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Nick Leseberg looking out over Pullen Pullen. Photo Lachlan Gardiner.
Nick Leseberg looking out over Pullen Pullen. Photo Lachlan Gardiner.

Called to the night

Published 25 Mar 2022 by Bron Willis

Nick Leseberg took an unconventional path to one of the nation’s most high-profile ecological rescue projects: the conservation of the elusive Night Parrot.

In October 2016 Nick Leseberg sat on a hillside on Maiawali country, central western Queensland, watching the last rays of the sun fade. A red tinge hung over the mostly flat, red landscape, punctuated by spinifex clumps and tabletop mesas like the one beneath him.

Nick listened intently for a sound he had dreamed of hearing since he was a boy. And then it came: the gentle but unmistakable, bell-like call emerging from the dusk: ding, ding, ding.

“I’d known the story of the Night Parrot my whole life – since I was eight years old, when I’d pored over it for a school project,” says Nick. “And there I was, straining my ears as I heard its bell-like call, just thinking, ‘I am sitting here listening to a Night Parrot.’ I had to pinch myself.”

In the five years since that magical moment, which Nick still recounts in a way that evokes goose bumps, Nick has dedicated his career to a singular purpose: saving one of the planet’s most elusive bird species from disappearing forever.

For those who haven’t heard the Night Parrot’s famed story, it is a fascinating one. After virtually vanishing off the face of the earth for over 100 years, the nocturnal, ground-dwelling parrot, made international headlines when it was found alive by ornithologist John Young in 2013.

Dr Steve Murphy was carrying out ground-breaking research on this species when he approached Bush Heritage to carry out management of the Night Parrot’s key threat, feral cats, and to protect the parrot’s crucial habitat, purchased with the help of Bush Heritage supporters in 2016 and now known as Pullen Pullen Reserve.

Nick had meanwhile been busy laying the foundations of a scientific career after an unconventional segue from the Royal Australian Air Force to ecology. Nick had served in warzones such as Iraq and the Middle East. He was, perhaps, a less conventional airman than some – during his posting at one particular air base near the Euphrates River, he was often found birdwatching at the nearby oasis.

“I got picked up for looking suspicious roaming around with my binoculars, on more than one occasion,” laughs Nick.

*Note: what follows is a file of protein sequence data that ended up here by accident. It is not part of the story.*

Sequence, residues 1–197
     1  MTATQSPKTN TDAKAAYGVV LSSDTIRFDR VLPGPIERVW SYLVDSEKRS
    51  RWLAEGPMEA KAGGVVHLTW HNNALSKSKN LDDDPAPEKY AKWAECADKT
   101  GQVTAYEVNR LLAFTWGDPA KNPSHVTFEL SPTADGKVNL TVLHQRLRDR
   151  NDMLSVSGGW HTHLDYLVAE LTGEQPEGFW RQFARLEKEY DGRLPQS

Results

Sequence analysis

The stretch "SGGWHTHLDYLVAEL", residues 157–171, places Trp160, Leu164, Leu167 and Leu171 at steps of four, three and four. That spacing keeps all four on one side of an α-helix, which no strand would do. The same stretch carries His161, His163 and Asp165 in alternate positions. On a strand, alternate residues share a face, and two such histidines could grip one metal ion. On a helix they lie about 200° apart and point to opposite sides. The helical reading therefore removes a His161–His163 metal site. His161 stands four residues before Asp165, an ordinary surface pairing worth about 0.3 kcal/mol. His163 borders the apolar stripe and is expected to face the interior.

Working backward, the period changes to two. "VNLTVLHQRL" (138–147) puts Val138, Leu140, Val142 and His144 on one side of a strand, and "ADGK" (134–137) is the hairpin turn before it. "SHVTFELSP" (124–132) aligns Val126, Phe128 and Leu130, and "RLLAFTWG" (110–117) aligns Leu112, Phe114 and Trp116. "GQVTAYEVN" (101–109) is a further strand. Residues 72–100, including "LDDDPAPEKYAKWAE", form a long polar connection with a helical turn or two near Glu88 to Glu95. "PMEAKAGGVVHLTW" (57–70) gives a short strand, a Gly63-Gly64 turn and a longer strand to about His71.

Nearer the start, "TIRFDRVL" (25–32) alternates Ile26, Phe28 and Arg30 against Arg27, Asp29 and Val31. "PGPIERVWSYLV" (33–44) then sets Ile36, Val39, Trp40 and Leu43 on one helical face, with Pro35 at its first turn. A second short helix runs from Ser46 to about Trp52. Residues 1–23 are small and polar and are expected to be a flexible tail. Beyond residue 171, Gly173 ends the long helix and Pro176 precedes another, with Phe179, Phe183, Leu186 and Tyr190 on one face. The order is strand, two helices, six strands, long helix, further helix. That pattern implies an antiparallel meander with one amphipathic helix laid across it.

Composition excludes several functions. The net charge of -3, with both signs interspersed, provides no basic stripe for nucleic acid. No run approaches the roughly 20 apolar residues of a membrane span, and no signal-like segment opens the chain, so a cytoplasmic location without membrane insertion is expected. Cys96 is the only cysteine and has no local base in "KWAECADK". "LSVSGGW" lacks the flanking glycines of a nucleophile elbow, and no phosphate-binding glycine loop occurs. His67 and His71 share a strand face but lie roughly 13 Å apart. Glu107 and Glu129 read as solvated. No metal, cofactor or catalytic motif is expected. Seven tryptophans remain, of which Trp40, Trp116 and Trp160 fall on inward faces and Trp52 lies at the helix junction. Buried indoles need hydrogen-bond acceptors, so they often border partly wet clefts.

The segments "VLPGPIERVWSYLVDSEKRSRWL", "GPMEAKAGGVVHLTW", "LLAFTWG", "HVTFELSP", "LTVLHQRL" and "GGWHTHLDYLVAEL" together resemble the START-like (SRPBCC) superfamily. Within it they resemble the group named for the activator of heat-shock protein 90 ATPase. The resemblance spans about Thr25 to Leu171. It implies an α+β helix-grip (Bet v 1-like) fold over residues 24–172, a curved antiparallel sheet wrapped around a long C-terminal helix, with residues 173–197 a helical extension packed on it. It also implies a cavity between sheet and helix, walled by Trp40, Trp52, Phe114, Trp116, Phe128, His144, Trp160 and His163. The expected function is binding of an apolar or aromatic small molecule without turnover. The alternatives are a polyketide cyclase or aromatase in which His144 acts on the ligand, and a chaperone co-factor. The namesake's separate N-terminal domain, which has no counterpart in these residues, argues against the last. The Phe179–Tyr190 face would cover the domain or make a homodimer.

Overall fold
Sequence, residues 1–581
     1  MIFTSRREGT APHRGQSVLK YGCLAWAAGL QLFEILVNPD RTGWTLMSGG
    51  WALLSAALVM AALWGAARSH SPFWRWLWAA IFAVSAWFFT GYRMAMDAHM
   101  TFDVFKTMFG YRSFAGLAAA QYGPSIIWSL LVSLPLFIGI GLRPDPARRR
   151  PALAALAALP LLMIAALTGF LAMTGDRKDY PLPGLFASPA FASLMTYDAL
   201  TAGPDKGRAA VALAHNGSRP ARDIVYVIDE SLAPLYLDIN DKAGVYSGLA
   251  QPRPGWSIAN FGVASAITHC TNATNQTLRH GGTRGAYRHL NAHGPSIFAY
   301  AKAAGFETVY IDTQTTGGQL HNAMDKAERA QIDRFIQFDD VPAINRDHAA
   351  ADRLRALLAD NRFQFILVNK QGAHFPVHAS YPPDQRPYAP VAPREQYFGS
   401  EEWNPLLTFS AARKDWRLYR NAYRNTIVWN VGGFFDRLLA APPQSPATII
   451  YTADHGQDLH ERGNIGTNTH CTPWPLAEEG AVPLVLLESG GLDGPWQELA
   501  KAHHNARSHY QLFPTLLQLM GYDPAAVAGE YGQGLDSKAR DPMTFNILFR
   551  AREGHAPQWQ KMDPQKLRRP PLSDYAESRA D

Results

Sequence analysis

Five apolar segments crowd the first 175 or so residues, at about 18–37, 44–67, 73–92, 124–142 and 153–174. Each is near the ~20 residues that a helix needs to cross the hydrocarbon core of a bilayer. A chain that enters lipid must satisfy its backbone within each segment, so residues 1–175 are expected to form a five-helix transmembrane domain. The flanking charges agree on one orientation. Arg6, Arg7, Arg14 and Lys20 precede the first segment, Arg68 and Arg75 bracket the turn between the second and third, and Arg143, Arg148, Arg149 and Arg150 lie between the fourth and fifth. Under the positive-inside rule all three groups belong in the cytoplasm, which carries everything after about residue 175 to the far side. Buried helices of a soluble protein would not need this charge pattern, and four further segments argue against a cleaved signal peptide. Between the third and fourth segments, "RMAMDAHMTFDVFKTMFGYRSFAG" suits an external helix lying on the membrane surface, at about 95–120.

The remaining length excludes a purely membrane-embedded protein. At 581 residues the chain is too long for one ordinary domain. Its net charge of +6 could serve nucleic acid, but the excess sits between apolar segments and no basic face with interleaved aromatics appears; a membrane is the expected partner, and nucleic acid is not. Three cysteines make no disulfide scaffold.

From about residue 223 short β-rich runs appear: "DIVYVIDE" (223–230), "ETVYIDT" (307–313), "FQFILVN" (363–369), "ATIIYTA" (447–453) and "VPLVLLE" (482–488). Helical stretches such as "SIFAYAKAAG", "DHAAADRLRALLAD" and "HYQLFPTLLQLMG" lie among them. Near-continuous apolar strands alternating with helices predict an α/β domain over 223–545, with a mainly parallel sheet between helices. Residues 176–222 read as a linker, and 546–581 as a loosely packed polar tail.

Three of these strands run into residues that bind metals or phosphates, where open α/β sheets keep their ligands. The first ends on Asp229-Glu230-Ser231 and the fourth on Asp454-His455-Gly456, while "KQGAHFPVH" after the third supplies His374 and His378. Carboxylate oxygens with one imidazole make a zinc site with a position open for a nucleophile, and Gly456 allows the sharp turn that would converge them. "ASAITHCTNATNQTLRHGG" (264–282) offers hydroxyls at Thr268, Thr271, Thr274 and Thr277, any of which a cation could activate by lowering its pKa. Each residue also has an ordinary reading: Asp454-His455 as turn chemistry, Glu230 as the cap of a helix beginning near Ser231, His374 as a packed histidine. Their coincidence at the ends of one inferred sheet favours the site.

PhD researchers Nick Leseberg and Al Healy (background) listening for Night Parrots. Photo Lachlan Gardiner.

And although the combination of Air Force officer and ecologist might be surprising, Dr Steve Murphy says Nick’s life experience had given him the skills to perform well under pressure.

“Nick is a steady pair of hands behind the wheel. He doesn’t get giddy about things. He just mucks in – he’s got a job to do and he does it. His work developing an acoustic recording system specifically suited to the Night Parrot is a huge contribution to the preservation of the species.”

That system has since become pivotal in searching for and studying new populations of Night Parrot, including in the Great Sandy Desert where Nick taught Aboriginal ranger groups the acoustic techniques that have enabled them to locate and protect new populations.

The Night Parrot is now found in more than 10 locations although the known population is still likely less than 100 birds. Pullen Pullen remains the only location dedicated to undertaking critical research that will help protect the bird.

Nick’s life experience set him up perfectly as a candidate to lead the Night Parrot research when Steve approached him in 2015 through his supervisor, James Watson.

“I’ve got a few more grey hairs than most PhD students,” laughs Nick. “But I think that probably helped me get the job. I was used to assessing risk and making decisions that I sometimes felt ill-prepared to make. Researching the Night Parrot can be like that at times.”

Bush Heritage Executive Manager Rob Murphy says Nick’s drive and his ability to deal with hardships has allowed him to serve the enigmatic Night Parrot well.

“He has this enthusiasm about the Night Parrot that’s infectious,” says Rob. “He’s also meticulous and rigorous with the science, which is so important for this species.”

Photo Nick Leseberg tests out a night vision scope. Photo Lachlan Gardiner.
Photo Nick Leseberg tests out a night vision scope. Photo Lachlan Gardiner.

“Pullen Pullen is such a long way from anywhere. He’s had to work in such harsh conditions, with high temperatures and so many discomforts.”

During the research phase in 2016, Nick was away from his young family often. It wasn’t easy, but when he returned from each trip, the shining eyes of his two young children reminded him of the future he wanted for them: a future in which the Night Parrot’s call could still be heard.

“My generation has recognised the damage done to our environment and we have an important role in reversing it. We won’t be able to finish the job, but we can give the next generation – my kids – the foundation to do just that.”

Nick has been a leading role in a story of hope, one that now inspires his children as they grow older and begin drawing pictures of the famous Night Parrot. They’re only just beginning to understand the legacy their father is leaving behind and the power they have, the power we all have, in continuing that legacy.

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